Before I begin this post, I want to share about a minor change in how I will post blogs on lifeinexile.net. I realized that posting three blogs each week is overwhelming to those who subscribe to my blog site, so I’m backing off in hopes that more of you will subscribe and actually read my posts, knowing that there will be only one each week.
I will continue to do a Mission Monday, Wednesday Wisdom, and Friday Focus emphasis, but I will spread them out. So, this week I’m posting on Monday and writing about missions. Next week, the post will come out on Wednesday and offer some wisdom from other writers or the Word. The following week the post will be out on Friday, and so on from there. I trust you’ll like the change and again, be encouraged to subscribe to my site or at least follow my Facebook page for Carol B. Ghattas.
Now, back to today’s thoughts on missions.
Cross-cultural service is not something that always brings out the best in people.
There, I said it. That might sound harsh, but it’s true. When we move out of our comfort zone in ministry, some of our baser tendencies rise to the surface. We’re stressed, and the sense of home is far away, causing us to lash out at those nearest. Those nearest on the field could be your spouse, children, other team members, and even the nationals you are seeking to serve. When the ugly in us is revealed, our witness can be hurt. It can also make us feel unworthy of service. “Why would God call me here, if all I’m going to do is give him a bad reputation by my words or actions?” This kind of struggle leads many to pack their bags and head home.
If you’ve yet to begin your new ministry, there is time to do some pre-flight internal checks. If you’re already on the field, it might be time for some self-evaluation exercises. Either way, these can help you push back against Satan’s attacks and move forward with a more realistic expectation of what’s ahead on a personal level.
My new book, Not in Kansas Anymore: Finding Home in Cross-Cultural Service can help you work through some personal check-lists on this topic, but here’s a glimpse of what to look at:
- Stop pretending. You will not be a different person from who you are now once you get into ministry. Take a long, hard look at your relationship with the Lord, your time in prayer and Bible study, and your relationships with others. If there are areas that need improvement now, they will need even more help overseas.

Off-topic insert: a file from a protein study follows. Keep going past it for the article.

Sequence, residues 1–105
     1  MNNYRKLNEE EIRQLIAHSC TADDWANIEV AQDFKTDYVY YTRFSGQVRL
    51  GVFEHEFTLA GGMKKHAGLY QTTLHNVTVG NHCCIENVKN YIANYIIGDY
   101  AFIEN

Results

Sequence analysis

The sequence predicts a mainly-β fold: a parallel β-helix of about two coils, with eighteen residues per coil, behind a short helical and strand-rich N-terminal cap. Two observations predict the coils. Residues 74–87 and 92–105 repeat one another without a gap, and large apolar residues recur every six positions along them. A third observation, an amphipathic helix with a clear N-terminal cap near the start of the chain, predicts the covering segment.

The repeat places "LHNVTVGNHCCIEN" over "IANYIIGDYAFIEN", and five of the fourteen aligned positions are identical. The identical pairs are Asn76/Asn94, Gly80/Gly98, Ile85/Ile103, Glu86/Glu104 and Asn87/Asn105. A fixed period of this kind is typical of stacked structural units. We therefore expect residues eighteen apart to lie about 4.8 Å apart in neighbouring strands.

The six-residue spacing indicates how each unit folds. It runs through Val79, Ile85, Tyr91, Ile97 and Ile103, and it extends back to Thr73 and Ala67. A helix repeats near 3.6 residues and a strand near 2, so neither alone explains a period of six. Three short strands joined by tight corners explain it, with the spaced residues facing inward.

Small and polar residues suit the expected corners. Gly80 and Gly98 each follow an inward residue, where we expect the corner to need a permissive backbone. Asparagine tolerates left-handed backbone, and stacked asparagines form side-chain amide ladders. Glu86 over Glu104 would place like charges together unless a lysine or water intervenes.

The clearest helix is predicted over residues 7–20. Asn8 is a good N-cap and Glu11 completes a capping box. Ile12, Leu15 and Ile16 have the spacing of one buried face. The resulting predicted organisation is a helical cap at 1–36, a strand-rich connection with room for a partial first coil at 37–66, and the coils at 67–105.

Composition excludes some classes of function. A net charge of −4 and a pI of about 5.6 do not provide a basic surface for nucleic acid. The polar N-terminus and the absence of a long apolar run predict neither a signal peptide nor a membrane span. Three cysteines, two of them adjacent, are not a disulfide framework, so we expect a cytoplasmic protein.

- Make sure your foundation is firmly set. Don’t head into ministry with doubts about your salvation.
- Be secure in your present relationship status. How content are you as a single person? How strong is your marriage? Would you be satisfied working mostly with people of your same sex? Other cultures’ societal expectations can differ vastly from current American or Western norms. Make sure you stand strong in who you are in relation to others.
- Are you a loner or a team player? Depending on where you go, you may or may not have a team in which to find support and encouragement. If you do have a team, do you play nice or push others away in an effort to get your own way?
Let Scripture and the Spirit be your teacher.
Take time to look at your current struggles in light of Scripture. Invite the Holy Spirit to search your heart and mind and be open to his counsel and correction.
Know thyself as you press forward in service to his glory. You are uniquely and wonderfully made in his image. May that encourage you today as you seek to grow more into his likeness for the sake of the Kingdom.
Grace and Peace
2 thoughts on “Who Am I?”
Thank you, Carol! Looking forward to the new format; I will always read as many of your words as I possibly can!
Thank you, Blythe! I hope this helps you read more.